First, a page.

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Program Profile: Project Toward No Tobacco Use (Project TNT)

Evidence Rating: Promising - One study Promising - One study

Date: This profile was posted on June 15, 2011

Program Summary

A comprehensive, classroom-based curriculum designed to prevent or reduce tobacco use in fifth through ninth grade youths. The program is rated Promising. At a 2-year follow-up, participants reported lower trial and weekly use of cigarettes.

Program Description

Program Goals
Project Toward No Tobacco Use (Project TNT) is a comprehensive, classroom-based curriculum designed to prevent or reduce tobacco use. It is devised to counteract several different risk factors for tobacco use simultaneously, because the behavior is associated with multiple risk factors.

Target Population
Project TNT targets a wide variety of youths who may have different risk factors influencing their tobacco use. It is designed for fifth through ninth grade youths (ages 10–14).

Program Components
Project TNT teaches awareness of misleading social information, develops skills that counteract social pressure to use tobacco, and provides information about the physical consequences of tobacco use, such as addiction.

Implementing Project TNT involves the following activities:
  • A comprehensive, 10-day, classroom-based, social-influences program—plus two booster sessions—that examines media, celebrity, and peer portrayal of tobacco use
  • Training in active listening, effective communication, and general assertiveness development, along with methods for building self-esteem
  • Education on the course of tobacco-related addiction and diseases; correction of inflated tobacco-use prevalence estimates
  • Education on tobacco-specific, cognitive coping skills, and assertive refusal techniques; practicing ways to counteract media portrayals of tobacco use, including social-activism letter-writing to make a public commitment to not using tobacco products
  • Use of homework assignments, a classroom competition (i.e., the “TNT Game”), and a two-lesson booster program
  • Longitudinal assessment material
Key Personnel
Trained teachers in a classroom setting deliver Project TNT to standard class sizes.

Evaluation Outcomes

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Study 1

Substance Use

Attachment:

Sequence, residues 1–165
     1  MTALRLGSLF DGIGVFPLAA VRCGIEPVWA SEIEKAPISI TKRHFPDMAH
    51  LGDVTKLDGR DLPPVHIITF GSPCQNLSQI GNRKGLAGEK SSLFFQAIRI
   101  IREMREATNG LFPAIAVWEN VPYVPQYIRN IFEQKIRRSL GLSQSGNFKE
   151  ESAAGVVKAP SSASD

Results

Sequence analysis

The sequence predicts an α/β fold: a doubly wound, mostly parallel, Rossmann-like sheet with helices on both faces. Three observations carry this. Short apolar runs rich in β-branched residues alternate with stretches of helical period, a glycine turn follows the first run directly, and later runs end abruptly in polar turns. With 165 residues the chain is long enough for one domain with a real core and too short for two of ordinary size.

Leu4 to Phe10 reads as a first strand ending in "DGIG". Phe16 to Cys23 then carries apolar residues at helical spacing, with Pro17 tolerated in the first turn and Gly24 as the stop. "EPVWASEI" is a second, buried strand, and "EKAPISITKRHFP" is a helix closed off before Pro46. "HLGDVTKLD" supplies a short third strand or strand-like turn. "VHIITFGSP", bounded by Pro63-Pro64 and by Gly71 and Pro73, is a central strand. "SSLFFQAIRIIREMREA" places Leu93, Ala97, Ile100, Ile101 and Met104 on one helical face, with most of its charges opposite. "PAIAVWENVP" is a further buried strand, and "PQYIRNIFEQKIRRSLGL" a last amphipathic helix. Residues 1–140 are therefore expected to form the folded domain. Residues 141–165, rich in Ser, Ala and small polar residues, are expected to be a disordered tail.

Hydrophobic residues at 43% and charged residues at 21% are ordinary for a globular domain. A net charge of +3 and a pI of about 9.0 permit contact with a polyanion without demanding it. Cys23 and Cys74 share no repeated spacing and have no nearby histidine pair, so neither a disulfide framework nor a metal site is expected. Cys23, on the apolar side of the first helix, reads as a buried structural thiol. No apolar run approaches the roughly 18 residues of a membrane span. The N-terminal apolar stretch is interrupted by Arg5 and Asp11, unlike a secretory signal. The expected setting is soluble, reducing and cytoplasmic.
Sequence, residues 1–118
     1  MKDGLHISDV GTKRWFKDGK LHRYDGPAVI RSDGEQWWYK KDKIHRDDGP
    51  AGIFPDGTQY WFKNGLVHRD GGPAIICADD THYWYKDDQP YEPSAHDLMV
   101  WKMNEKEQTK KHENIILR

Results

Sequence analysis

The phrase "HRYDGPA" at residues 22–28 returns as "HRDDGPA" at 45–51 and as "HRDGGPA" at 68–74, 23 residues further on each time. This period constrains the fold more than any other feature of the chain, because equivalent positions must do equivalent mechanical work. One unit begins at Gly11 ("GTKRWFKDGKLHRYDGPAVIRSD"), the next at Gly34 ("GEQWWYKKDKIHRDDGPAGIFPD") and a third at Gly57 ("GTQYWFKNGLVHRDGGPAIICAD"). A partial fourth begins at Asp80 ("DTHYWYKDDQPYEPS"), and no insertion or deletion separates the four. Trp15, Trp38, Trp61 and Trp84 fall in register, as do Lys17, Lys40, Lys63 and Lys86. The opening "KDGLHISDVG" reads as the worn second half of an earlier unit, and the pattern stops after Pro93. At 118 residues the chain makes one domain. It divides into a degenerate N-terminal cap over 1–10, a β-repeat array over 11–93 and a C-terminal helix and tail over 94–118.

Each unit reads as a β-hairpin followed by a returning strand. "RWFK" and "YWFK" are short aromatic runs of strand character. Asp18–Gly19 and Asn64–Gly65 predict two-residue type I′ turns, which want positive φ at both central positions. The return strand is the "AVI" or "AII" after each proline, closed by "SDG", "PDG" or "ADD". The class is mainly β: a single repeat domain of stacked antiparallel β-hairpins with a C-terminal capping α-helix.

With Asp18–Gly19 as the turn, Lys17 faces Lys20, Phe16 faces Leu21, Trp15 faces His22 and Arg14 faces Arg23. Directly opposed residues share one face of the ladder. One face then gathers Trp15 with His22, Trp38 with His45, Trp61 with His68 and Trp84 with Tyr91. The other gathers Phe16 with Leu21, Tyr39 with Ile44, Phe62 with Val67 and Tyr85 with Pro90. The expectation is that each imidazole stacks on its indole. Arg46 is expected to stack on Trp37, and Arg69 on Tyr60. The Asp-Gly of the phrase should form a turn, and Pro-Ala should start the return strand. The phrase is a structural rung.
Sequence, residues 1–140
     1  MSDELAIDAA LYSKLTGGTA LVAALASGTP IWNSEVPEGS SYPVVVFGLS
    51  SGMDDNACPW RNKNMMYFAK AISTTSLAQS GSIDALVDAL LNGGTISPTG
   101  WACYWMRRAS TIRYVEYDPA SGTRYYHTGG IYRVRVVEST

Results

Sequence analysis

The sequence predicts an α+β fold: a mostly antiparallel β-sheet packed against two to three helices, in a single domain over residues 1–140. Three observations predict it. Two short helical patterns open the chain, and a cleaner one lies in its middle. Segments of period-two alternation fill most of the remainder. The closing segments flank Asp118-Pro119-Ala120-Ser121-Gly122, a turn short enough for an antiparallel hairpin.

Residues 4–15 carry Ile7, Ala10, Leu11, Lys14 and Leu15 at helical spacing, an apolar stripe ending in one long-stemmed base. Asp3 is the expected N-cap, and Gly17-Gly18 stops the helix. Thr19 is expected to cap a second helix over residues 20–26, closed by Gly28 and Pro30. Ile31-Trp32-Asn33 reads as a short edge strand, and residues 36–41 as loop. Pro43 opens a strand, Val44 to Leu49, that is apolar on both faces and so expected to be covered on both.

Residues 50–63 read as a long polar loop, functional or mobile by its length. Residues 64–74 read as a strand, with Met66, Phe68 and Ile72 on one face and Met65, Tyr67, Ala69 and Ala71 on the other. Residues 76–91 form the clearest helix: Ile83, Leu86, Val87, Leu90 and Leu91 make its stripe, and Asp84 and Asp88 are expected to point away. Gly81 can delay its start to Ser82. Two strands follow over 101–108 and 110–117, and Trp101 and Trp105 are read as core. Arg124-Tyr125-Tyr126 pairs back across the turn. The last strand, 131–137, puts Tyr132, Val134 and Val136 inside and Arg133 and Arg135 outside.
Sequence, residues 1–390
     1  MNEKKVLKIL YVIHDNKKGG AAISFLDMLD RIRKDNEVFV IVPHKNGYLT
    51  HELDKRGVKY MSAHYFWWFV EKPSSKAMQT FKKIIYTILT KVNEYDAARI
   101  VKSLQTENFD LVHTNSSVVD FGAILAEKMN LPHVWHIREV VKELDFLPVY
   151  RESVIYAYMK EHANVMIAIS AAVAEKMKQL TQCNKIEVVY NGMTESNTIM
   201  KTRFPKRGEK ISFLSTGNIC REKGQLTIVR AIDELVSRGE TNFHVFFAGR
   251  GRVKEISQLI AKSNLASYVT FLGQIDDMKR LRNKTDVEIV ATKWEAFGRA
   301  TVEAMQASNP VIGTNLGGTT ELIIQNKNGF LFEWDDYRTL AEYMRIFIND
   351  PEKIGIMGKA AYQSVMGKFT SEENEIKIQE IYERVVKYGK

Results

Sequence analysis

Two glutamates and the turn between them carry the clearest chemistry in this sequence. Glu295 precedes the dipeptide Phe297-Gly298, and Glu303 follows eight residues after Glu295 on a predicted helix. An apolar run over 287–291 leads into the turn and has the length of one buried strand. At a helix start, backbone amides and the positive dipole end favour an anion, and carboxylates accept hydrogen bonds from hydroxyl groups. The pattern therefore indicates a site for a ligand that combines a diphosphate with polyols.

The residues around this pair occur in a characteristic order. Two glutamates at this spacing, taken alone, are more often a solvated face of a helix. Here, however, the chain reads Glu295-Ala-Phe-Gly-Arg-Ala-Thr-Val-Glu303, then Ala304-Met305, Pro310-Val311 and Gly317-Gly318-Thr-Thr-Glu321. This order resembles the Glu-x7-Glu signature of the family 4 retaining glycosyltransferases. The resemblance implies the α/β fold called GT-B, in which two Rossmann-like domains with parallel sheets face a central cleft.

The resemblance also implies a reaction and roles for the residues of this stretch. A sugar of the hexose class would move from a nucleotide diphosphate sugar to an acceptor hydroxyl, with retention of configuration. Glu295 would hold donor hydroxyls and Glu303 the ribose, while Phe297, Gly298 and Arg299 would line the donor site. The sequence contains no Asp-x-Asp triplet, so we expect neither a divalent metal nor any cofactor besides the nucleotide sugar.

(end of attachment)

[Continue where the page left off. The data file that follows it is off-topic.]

Results from immediate posttest to 1-year follow-up for the five groups were as follows:

  • For both trial and weekly use of cigarettes, the informational social influence group, physical consequences, and combined groups were superior to the normative and control groups.

  • For trial of smokeless tobacco, two of the three intervention groups were superior to the informational social influence and control groups.

  • For weekly use of smokeless tobacco, the combined condition was superior to all other conditions.

A 2-year follow-up (Dent and colleagues 1995) analyzed data for subjects when they were ninth graders and reported maintenance of initial intervention effects (lower trial and weekly use of cigarettes) in the combined and physical consequences groups and lower weekly use of smokeless tobacco for the combined condition.

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Evaluation Methodology

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Study 1

Sussman, Dent, and colleagues (1993) used a five-group, randomized, experimental block design. Forty-eight schools from 27 Southern California school districts were randomly assigned within blocks defined by region (urban, rural), school type (middle school with sixth through eighth grades, junior high with only seventh through eighth grades), and a composite variable. Eight schools were assigned to each of the four program conditions. Three of these curricula were designed to counteract the effects of separate (single) program components (normative social influence, informational social influence, or physical consequences), whereas a fourth (comprehensive curriculum Project TNT) was designed to counteract all three effects. In each of the four program conditions, four schools were urban and four rural. The control condition, eight urban and eight rural schools) were assigned to a “standard” curriculum control condition in which students received routine prevention activities provided directly by their school. These activities included assemblies that presented values clarification material, long-term physical consequences information, or simple “just say no to drugs” messages. Control schools did not provide programming specifically for tobacco-use prevention.

 

To determine outcomes, data was captured for both groups through an in-class, 20-page, self-report questionnaire. A total of 6,716 seventh grade students provided posttest data on the school day immediately after they completed a 10-day curriculum. Fifty percent of the students were male. Regarding ethnic composition, 60 percent were white, 27 percent Hispanic, 7 percent African American, and 6 percent Asian American or other. A total of 7,052 students provided 1-year follow-up data. Two-year follow-up data collected from 7,219 ninth grade students was reported by Dent and colleagues (1995).  All data was aggregated to the school as the unit of analysis at each time point.

 

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Cost

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Information on material and training costs can be found on the University of Southern California’s Project Toward No Tobacco Use Web site under the Cost & Order page (Project Toward No Tobacco Use, N.d.). See the Additional References section for Web site details.